Monday, April 19, 2010

Mirror, by Mark Strand

A white room and a party going on
and I was standing with some friends
under a large gilt-framed mirror
that tilted slightly forward
over the fireplace.
We were drinking whiskey
and some of us, feeling no pain,
were trying to decide
what precise shade of yellow
the setting sun turned our drinks.
I closed my eyes briefly,
then looked up into the mirror:
a woman in a green dress leaned
against the far wall.
She seemed distracted,
the fingers of one hand
fidgeted with her necklace,
and she was staring into the mirror,
not at me, but past me, into a space
that might be filled by someone
yet to arrive, who at that moment
could be starting the journey
which would lead eventually to her.
Then, suddenly, my friends
said it was time to move on.
This was years ago,
and though I have forgotten
where we went and who we all were,
I still recall that moment of looking up
and seeing the woman stare past me
into a place I could only imagine,
and each time it is with a pang,
as if just then I were stepping
from the depths of the mirror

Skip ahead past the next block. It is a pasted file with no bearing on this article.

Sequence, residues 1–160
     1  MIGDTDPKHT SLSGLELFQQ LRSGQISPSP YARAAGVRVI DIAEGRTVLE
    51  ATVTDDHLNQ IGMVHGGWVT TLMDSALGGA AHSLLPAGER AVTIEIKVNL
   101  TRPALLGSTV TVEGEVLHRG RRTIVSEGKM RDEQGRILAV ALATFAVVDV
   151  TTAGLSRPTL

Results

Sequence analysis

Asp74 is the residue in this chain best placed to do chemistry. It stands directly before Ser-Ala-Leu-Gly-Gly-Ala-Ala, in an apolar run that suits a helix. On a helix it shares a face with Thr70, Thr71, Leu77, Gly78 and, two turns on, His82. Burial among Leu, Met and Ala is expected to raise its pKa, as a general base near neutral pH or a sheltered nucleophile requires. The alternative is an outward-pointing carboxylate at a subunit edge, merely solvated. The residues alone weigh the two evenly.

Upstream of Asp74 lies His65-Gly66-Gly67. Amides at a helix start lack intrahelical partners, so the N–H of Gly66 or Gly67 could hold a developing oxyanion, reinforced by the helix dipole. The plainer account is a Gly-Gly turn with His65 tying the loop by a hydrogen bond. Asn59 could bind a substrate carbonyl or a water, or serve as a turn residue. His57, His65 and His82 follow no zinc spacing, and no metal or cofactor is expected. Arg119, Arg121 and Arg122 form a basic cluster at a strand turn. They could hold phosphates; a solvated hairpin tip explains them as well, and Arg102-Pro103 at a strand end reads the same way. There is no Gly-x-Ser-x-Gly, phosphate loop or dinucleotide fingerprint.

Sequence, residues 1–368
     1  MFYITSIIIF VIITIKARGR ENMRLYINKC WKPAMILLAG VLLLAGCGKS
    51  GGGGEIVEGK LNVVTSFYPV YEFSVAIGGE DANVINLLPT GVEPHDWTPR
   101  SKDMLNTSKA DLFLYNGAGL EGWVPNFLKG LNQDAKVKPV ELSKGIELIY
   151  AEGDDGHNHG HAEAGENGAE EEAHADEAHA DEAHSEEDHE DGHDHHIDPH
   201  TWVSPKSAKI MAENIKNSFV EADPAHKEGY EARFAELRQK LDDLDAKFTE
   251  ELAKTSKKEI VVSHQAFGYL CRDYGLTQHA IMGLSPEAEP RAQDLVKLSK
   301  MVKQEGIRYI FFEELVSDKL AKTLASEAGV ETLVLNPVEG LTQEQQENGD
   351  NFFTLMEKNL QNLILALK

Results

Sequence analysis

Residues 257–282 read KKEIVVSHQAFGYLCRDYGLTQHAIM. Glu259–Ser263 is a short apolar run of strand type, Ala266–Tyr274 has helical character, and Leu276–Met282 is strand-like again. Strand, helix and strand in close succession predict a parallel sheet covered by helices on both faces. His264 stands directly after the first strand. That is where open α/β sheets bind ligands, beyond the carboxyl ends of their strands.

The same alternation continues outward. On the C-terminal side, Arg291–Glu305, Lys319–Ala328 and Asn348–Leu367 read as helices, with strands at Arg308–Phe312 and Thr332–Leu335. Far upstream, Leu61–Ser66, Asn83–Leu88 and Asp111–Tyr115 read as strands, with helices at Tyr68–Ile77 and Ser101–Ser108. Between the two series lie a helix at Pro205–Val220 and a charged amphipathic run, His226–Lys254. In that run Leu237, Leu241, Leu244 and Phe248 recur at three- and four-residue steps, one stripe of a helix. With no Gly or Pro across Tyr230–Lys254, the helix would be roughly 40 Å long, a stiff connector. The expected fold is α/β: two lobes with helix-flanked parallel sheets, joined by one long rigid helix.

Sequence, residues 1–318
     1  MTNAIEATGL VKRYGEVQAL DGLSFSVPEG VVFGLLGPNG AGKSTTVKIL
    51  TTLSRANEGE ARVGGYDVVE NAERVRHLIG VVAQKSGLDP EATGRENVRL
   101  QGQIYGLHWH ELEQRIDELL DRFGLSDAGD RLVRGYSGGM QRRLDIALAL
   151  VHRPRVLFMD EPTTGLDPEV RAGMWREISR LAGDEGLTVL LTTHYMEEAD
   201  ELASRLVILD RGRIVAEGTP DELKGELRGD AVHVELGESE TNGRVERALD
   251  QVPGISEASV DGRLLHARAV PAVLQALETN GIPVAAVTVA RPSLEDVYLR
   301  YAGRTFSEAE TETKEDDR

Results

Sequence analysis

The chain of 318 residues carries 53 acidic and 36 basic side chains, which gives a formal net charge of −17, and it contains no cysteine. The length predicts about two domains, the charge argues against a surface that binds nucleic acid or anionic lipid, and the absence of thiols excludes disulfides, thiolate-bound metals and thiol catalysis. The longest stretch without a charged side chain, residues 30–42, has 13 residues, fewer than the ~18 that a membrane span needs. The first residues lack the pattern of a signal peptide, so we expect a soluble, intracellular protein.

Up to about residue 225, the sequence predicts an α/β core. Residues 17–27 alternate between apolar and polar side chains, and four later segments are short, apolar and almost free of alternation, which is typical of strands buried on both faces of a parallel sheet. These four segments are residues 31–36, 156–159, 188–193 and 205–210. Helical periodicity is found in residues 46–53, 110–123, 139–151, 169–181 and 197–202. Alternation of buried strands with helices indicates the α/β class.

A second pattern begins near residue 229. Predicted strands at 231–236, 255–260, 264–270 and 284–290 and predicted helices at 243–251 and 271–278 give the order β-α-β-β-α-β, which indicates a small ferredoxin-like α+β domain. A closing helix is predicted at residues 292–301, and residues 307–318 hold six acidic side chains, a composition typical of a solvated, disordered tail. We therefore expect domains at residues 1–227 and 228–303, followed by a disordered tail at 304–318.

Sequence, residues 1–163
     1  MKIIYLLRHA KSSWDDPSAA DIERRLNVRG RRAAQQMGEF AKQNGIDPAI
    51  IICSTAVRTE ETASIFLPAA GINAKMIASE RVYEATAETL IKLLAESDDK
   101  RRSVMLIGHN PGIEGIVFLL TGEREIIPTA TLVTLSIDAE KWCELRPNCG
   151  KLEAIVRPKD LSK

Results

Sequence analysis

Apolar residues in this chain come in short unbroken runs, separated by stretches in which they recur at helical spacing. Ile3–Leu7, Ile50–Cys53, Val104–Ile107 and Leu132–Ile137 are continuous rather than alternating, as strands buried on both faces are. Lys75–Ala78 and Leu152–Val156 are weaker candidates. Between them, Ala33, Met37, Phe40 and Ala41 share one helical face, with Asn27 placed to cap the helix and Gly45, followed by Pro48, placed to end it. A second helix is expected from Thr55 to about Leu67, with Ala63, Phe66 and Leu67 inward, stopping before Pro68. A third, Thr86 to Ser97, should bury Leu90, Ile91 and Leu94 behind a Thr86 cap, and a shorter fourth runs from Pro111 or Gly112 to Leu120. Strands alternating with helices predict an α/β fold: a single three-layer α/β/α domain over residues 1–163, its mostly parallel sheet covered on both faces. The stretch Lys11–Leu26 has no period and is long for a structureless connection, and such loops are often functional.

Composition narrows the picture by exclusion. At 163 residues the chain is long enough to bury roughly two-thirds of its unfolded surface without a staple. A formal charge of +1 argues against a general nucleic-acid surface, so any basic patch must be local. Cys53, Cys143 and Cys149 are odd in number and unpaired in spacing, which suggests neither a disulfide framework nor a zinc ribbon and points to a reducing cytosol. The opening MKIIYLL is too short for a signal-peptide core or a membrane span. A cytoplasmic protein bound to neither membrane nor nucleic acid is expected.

into that white room, breathless and eager,
only to discover too late
that she is not there.

- Poem courtesy of Knopf Poetry.  Listen to Strand read this poem here.  Sign up for Knopf's Poem-a-Day service here.  Lastly, a hat tip, and deep bow in her direction, to Andrea A. for her suggestion of the poem. 

1 comment:

Anonymous said...

That sounds very like the premise of the film 'Indecent Proposal' where the Robert Redford character described meeting a woman on the subway and being haunted ever since...I'm not quite sure what to think about that...

Sensory memories are so powerful but is it shallow to build up so much around them? Are these moments exemplative of the state of your life at that moment i.e. you feel you're lacking in something and want inspiration and then attach too much importance on them, or a pure, hard-to-recapture genuine emotion?

And why can't people find it in the day-to-day grind: does it HAVE to be unusual and special? Why does it have to read like a Fitzgerald novel or in magical realism like Marquez?

Dunno! I like escapism. I'm only asking in a rhetorical fashion.